Antisense Effects of PNAs in Bacteria
Antisense peptide nucleic acid (PNA) can be used to control bacterial gene expression. PNAs are designed to target sequences within messenger RNA and knock-down gene expression. PNAs targeted to the translation initiation region of mRNA are particularly effective and result in mRNA degradation and reduced protein expression from the targeted gene. The antisense effects can be sufficient to alter phenotypes and even kill bacteria. PNAs provide useful tools for the study of bacterial gene function, and with improvements in cell uptake antisense PNAs may find applications as antimicrobial agents. This chapter details methods for designing antisense PNAs and testing their activities in bacteria, including suggestions for control experiments.
Key wordsPeptide nucleic acid (PNA) DNA analogue Solid-phase peptide synthesis (SPPS) Metal complexes Click chemistry
- 4.Harth G, Horwitz MA, Tabatadze D, Zamecnik PC (2002) Targeting the Mycobacterium tuberculosis 30/32-kDa mycolyl transferase complex as a therapeutic strategy against tuberculosis: proof of principle by using antisense technology. Proc Natl Acad Sci U S A 99(24):15614–15619PubMedCentralPubMedCrossRefGoogle Scholar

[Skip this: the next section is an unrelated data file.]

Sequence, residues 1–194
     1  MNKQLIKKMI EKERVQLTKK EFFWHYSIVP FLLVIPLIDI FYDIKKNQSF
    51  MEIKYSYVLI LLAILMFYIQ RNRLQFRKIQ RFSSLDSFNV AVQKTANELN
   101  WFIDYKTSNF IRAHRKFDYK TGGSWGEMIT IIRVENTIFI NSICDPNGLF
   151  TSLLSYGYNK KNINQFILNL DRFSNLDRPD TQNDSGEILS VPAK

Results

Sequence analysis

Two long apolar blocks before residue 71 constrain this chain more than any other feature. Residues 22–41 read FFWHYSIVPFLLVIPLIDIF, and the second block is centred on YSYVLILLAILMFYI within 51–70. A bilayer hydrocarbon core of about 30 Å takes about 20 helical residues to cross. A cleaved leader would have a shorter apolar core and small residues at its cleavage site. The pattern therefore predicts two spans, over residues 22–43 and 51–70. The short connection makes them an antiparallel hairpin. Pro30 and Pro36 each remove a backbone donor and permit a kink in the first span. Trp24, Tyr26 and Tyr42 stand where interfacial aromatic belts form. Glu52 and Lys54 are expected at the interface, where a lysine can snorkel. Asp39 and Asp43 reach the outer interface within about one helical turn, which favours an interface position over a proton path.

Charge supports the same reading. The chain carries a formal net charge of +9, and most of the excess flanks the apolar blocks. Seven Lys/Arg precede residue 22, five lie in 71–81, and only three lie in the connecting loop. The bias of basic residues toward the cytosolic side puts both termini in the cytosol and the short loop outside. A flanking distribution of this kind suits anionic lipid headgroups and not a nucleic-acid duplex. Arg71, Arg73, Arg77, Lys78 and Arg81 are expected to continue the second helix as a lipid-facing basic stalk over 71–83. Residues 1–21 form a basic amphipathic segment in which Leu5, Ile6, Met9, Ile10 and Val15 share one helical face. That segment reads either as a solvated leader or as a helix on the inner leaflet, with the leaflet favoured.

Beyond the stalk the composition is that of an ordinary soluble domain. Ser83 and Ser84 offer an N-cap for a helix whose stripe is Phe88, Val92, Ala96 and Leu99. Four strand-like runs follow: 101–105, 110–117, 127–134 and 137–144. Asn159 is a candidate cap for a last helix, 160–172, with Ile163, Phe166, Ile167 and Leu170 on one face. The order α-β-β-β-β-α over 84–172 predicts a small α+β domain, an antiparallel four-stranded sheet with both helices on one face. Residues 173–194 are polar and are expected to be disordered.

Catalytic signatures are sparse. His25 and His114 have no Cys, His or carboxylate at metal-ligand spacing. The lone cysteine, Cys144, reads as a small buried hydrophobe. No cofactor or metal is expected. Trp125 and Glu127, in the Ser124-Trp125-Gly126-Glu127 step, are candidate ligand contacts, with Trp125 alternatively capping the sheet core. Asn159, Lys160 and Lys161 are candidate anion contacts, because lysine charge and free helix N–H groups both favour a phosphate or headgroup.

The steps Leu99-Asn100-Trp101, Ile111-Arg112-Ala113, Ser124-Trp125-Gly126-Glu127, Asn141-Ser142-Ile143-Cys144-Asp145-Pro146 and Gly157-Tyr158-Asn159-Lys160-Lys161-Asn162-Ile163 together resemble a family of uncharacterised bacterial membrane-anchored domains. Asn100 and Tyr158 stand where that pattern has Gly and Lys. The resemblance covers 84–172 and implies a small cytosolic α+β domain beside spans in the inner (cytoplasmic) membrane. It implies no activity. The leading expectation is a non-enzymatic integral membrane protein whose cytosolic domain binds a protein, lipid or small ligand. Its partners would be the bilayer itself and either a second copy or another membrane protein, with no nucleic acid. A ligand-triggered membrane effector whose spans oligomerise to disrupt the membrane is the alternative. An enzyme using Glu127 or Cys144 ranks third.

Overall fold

- 25.Dryselius R, Nekhotiaeva N, Good L (2005) Antimicrobial synergy between mRNA-and protein-level inhibitors. Br Soc Antimicrob ChemotherGoogle Scholar
- 28.Gião MS, Wilks SA, Azevedo NF, Vieira MJ, Keevil CW (2009) Comparison between standard culture and peptide nucleic acid 16S rRNA hybridization quantification to study the influence of physico-chemical parameters on Legionella pneumophila survival in drinking water biofilms. Biofouling 25(4):343–351PubMedGoogle Scholar